Bank of Japan might revise up inflation outlook for fiscal 2022

TOKYO (Jiji Press) — The Bank of Japan is expected to consider revising up its inflation forecast for fiscal 2022 in a quarterly report to be adopted at its monetary policy meeting on April 27-28.

The BOJ’s growth projection for Japan’s core consumer price index for the year to March 2023 may be revised to between 1.5% and 1.9% from the 1.1% forecast in the central bank’s previous Outlook for Economic Activity and Prices report in January, informed sources said.

The possible upward revision will be due to higher import prices resulting from the yen’s recent rapid weakening, as well as surging crude oil prices.

At the two-day meeting, members of the BOJ’s Policy Board are seen discussing the impact of the weak yen on the Japanese economy and domestic prices, according to the sources. BOJ Gov. Haruhiko Kuroda has shown a sense of caution, saying, “We also need to keep in mind that [the yen’s decline] could adversely affect [the Japanese economy].”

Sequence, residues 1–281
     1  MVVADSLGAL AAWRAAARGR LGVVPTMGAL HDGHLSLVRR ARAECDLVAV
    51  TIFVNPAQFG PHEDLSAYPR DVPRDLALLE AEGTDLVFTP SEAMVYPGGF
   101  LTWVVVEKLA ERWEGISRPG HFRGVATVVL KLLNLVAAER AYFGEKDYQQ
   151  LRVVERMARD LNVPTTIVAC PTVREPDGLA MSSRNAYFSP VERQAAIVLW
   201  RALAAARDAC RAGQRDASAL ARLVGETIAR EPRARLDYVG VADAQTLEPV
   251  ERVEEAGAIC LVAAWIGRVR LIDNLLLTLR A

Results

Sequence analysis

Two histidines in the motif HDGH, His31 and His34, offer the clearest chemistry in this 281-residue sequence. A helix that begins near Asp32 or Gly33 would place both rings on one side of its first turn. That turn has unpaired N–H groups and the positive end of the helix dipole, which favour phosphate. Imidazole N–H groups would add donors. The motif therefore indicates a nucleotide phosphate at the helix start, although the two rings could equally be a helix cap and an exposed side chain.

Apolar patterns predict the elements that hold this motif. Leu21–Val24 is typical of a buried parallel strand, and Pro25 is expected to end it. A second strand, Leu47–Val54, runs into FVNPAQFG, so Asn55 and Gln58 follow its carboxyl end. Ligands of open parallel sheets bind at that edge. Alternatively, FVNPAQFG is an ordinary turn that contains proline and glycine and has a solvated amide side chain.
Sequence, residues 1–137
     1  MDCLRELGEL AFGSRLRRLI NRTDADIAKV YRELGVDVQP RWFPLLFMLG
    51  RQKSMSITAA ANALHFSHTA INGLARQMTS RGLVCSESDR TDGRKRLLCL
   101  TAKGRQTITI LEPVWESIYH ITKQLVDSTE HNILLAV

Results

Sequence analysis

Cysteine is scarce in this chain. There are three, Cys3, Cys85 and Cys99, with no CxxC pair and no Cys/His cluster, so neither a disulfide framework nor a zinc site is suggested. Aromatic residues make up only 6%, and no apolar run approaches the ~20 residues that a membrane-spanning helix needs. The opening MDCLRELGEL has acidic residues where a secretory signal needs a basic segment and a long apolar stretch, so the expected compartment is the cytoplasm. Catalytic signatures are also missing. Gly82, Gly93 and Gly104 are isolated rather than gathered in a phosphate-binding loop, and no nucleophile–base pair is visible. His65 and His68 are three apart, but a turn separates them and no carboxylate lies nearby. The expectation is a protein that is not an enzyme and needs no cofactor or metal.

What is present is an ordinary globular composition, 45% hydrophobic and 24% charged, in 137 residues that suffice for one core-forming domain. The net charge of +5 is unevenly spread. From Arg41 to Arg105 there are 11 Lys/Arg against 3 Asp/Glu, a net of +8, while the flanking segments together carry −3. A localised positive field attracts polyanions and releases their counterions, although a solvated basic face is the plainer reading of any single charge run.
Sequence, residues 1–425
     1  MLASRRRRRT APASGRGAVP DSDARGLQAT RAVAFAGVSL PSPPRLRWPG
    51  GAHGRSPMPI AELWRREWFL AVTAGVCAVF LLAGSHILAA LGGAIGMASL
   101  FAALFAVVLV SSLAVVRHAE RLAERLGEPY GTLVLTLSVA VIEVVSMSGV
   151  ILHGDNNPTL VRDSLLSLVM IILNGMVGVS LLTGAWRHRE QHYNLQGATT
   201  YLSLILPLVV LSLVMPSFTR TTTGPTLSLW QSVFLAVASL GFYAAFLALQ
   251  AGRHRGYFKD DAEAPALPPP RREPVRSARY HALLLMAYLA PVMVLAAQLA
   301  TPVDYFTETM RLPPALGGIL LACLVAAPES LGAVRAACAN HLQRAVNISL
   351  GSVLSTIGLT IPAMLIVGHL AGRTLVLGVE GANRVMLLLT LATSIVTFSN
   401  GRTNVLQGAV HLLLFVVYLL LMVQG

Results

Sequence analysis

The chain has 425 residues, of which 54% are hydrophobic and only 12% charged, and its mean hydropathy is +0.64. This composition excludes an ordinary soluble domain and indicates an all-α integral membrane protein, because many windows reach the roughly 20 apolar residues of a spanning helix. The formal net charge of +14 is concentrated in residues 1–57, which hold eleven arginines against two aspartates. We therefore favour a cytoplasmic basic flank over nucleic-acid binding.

The BOJ is expected to keep its current massive monetary easing unchanged.

For the time being, the CPI is widely projected to post year-on-year rises of about 2%, the BOJ’s inflation target, reflecting higher gasoline and food prices. Also, the effects on the CPI from cuts in mobile phone fees last year are expected to wear off from now.

Still, a senior BOJ official said, “The price increases will be temporary.”

The BOJ’s CPI growth projection for fiscal 2024, to be newly shown in the upcoming outlook report, is unlikely to reach 2%.

Meanwhile, the BOJ’s real growth forecast for the country’s gross domestic product for fiscal 2022 is highly likely to be revised down slightly from the 3.8% projected in the January report, due to parts shortages caused by supply constraints and cost increases stemming from higher prices.